CHICKEN pox is an illness often associated with childhood, and is caused by the varicella zoster virus.
It’s most common under the age of 10, but can be experienced by anybody who hasn’t had it previously, regardless of age.
It’s not to be mistaken for shingles, which is caused by the same virus but occurs because you once had chickenpox, and the virus stays dormant in your body, but gets retriggered.
With schools (hopefully!) starting back in the coming weeks, chickenpox and other common childhood illnesses can be expected to increase in prevalence due to increased close contact.
The main symptoms that present with chickenpox are well known, and include itchy red spots which emerge in crops, and can be anywhere on the body but most commonly on the face and trunk.
These are often accompanied by a high temperature for a few days, aches and pains, and generally feeling quite poorly. Appetite also tends to diminish.
Chickenpox is extremely infectious, and spreads through droplets. Coughing, sneezing, touching surfaces that droplets have landed on, or contact with the fluid from one of the blisters are all potential ways for it to spread. You are able to transmit it even before you know you have it, as two days before the spots appear it’s being shed from your system.
It takes 14 days from when you come in contact with it for you to show symptoms, and you remain infective until all the spots have crusted over, which takes about five days. Children need to be kept off school until this happens.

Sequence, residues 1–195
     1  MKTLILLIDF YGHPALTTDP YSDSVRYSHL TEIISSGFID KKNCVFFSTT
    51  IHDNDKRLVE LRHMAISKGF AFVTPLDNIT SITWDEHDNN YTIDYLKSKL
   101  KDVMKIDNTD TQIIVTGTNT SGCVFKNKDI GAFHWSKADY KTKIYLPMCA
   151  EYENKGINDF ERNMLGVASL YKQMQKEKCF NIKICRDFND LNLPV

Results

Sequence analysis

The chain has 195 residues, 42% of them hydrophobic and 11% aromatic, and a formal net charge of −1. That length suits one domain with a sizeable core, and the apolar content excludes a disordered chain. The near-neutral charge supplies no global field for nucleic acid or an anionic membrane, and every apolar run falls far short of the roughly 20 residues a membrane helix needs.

Treating chickenpox for the most part is just about making the person feel as comfortable as possible.
Fluids are really important to maintain hydration — ice lollies may be easier to take, especially if any of the lesions are in the mouth (which can and does happen — very uncomfortable!).
Paracetamol can be used for any pain, and it’s important to note that ibuprofen is not recommended.
The itch can be really unbearable, so try to prevent it by cutting nails very short and using mittens in smaller children going to bed (socks over the hands will work just fine).
A topical product can be applied to the skin to ease the itchy sensation. There are a variety of types and brands available, many more than the traditional calamine lotion. Make sure to choose one that is suitable for the age of your child, and use it as often as required within the licence of the product — preventing the itch/ scratch cycle will reduce discomfort but also lowers the risk of scarring.
In general chickenpox is a viral illness that runs its course, but it can occasionally cause serious complications such as skin infections, encephalitis (swelling of the brain), stroke or sepsis. While most cases don’t need to be seen by a GP, it is advisable to be seen if there are any lesions in the eye, if the spots begin to look infected (hot and weeping), or if there are any other concerning symptoms such as pain in the chest or difficulty breathing.
The chickenpox vaccine is not part of the national vaccine schedule in Ireland, but it can be obtained privately from most GPs, and many parents make the decision for their children to get it, to avoid the illness described above, and the risk of complications.
Vaccines reduce the number of cases and the severity of the disease that does breakthrough, as well offering the benefits of herd immunity for those too young or unable to be vaccinated.
The vaccine consists of two doses, at least one month apart after the age of one year.
Because it’s a live vaccine, its not suitable if previous allergy to the ingredients has been experienced, if pregnant, or planning to conceive. A small percentage (1-3%) of recipients may develop a rash that could spread the virus. It’s worth making a call to enquire if avoiding the heartache of chickenpox is something you’re considering!
ABOUT THE AUTHOR
Dr Michelle O’Driscoll is a pharmacist, researcher and founder of InTuition, a health and wellness education company.
Her research lies in the area of mental health education, and through InTuition she delivers health promotion workshops to corporate and academic organisations nationally.